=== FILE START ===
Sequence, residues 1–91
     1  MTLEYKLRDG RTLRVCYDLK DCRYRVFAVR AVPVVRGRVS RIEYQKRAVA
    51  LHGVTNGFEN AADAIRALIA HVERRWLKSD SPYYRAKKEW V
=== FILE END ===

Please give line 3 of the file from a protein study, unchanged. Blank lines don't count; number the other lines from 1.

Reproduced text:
    51  LHGVTNGFEN AADAIRALIA HVERRWLKSD SPYYRAKKEW V